13. macrumors member

    kaisdaddy

    #13
    It's just a matter of time now...

    ...before someone else figures out how to do this. In particular, someone who doesn't care about their relationship to Apple.

    More likely than not, it will be somebody who lives in a jurisdiction that doesn't care about prosecuting folks who play fast and loose with copyright law and EULA's.

    Once it's out in the wild, Apple will have a huge incentive to sell their OS to folks wanting to use their own hardware. Whether or not they will depends on how stubborn certain people who have say-so over this type of thing are. ;)
     
  14. macrumors 68030

    ReanimationLP

    #14
    Err, you already can. Its called OSX86.

    This has been done for 2 years. Now its gotten to the point to where if you have a Core micro architecture system, your Hackintosh can use the native OSX non-hacked kernel and the normal updates.
     
  15. macrumors newbie

    #15
    Not the first

    Parallels is definitely not the first virtualization solution to run Mac OS X.
    The first one was KVM with several patches provided ca. 2 weeks ago on this page:

    http://alex.csgraf.de/self/?qemu/
     
  16. macrumors 6502a

    #16
    Fusion on my Mac has sworn me off other hardware brands forever. Being able to run a virtualized OSX would be huge. Curious to see if/how VMWare will respond to Parallels Server. Hopefully I'll be approved for the Parallels beta.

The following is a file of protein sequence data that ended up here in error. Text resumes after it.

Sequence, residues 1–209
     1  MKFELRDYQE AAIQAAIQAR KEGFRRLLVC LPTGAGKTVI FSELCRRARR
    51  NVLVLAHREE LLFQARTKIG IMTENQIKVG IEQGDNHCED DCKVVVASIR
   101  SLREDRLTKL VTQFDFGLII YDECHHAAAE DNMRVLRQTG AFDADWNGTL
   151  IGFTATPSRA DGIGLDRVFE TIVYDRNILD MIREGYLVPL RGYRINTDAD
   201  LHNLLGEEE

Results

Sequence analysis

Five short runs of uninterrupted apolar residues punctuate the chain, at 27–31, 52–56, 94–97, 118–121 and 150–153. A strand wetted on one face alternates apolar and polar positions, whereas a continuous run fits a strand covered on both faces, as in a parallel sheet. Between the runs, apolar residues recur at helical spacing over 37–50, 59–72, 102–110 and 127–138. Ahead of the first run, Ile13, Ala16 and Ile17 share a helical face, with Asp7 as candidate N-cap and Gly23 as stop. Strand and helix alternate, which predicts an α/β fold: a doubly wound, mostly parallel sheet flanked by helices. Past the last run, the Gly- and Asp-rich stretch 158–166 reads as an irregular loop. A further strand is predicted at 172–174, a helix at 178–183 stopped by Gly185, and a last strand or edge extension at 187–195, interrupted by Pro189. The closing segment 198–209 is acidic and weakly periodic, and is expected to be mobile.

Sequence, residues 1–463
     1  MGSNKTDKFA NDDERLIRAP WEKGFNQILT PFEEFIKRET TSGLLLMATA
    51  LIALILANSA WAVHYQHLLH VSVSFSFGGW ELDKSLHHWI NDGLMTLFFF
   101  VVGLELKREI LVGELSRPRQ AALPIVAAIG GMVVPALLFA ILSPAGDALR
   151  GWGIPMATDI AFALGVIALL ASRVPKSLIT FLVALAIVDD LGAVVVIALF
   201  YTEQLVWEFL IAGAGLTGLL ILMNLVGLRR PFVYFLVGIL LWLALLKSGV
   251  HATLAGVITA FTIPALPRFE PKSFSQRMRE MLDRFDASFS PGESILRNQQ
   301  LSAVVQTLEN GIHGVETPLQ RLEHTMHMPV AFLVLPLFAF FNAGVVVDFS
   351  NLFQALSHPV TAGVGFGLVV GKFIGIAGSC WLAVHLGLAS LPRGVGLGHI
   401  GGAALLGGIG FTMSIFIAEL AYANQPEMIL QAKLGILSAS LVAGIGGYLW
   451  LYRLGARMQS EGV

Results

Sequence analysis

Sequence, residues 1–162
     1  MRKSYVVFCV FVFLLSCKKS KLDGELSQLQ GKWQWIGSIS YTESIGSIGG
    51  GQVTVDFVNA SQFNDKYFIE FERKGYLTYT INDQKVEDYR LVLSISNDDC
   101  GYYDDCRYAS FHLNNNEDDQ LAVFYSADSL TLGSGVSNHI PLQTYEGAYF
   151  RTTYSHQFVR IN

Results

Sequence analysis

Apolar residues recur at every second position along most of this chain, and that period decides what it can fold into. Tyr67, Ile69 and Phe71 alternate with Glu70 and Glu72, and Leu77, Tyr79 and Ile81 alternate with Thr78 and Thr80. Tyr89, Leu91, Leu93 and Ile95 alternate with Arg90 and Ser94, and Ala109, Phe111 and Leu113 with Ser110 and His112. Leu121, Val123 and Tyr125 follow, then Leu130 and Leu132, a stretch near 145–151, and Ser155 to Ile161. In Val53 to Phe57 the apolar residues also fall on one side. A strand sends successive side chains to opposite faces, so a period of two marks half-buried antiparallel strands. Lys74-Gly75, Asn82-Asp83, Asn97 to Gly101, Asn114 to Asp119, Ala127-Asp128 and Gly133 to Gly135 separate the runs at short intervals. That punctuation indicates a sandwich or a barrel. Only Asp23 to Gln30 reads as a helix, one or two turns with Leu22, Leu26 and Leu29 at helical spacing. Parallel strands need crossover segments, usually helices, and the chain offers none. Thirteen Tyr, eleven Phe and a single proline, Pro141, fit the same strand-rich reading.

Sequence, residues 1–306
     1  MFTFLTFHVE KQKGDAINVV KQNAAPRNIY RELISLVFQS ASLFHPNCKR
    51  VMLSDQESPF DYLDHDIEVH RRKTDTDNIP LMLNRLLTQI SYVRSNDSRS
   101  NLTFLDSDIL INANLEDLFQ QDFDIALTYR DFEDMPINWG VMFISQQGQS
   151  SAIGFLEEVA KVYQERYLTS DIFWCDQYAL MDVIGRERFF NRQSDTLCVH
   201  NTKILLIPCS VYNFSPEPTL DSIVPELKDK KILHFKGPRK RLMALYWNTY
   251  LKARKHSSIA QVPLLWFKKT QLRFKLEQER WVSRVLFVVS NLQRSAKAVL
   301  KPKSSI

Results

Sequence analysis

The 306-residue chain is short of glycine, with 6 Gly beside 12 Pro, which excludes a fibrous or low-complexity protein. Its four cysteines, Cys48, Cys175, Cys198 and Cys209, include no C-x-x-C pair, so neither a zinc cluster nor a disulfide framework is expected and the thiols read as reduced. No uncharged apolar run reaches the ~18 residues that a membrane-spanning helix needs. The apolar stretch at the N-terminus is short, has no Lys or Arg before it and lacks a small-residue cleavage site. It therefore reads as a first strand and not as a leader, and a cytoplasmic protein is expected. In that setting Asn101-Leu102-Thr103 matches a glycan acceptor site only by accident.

17. macrumors 68020

    #17
    I'm glad that these guys respect Apple's EULA.
     
  18. macrumors 65816

    #18
    Technology gets held back because of legalese.

    I understand Parallels being a good partner, but I hate finding out something that CAN be done that would be quite cool ISN'T. Grrrrrr....
     
  19. macrumors 6502

    #19
    Yah, that's really great and all, but this is Parallels. How about throwing a little SmartSelect in there as well on the server side. And enable it by default.

    Given Parallels past history of creating default mash-ups (or mix-ins, if you prefer) which then have to be manually untangled, pardon me for not being all that excited.

    I think I'll save my applause for something more bomb-proof, say VMWare.

    I bought Parallels Desktop, but that one 'feature', and the subsequent clean-up work involved, really killed any chance of me buying anything from them in the future.
     
  20. macrumors regular

    Merkuryy

    #20
    That's true! with the success of Linux , i think there is time to have personal HD+ personal OS. May be not now, but it's the future. Apple must have solutions to deal with this, to hold the legacy of Mac OS isn't a good way for future project
     
  21. macrumors 68000

    Fukui

    #21
    hmmmm, where is vmware........
     
  22. macrumors 6502

    #22
    I understand that in Europe a EULA is in itself a violation of copyright law. For example, when you buy an item that contains copyrighted information you are bound by copyright law, but you are NOT bound by some weird agreement that the vendor includes and claims you "agreed" to by opening the package. Claiming that the consumer agreed to a contract he hadn't seen at time of purchase and never signed or agreed to is in itself not legal.

    I do not know why in the US companies can apparently force a contract on people without their consent, but in Europe they cannot.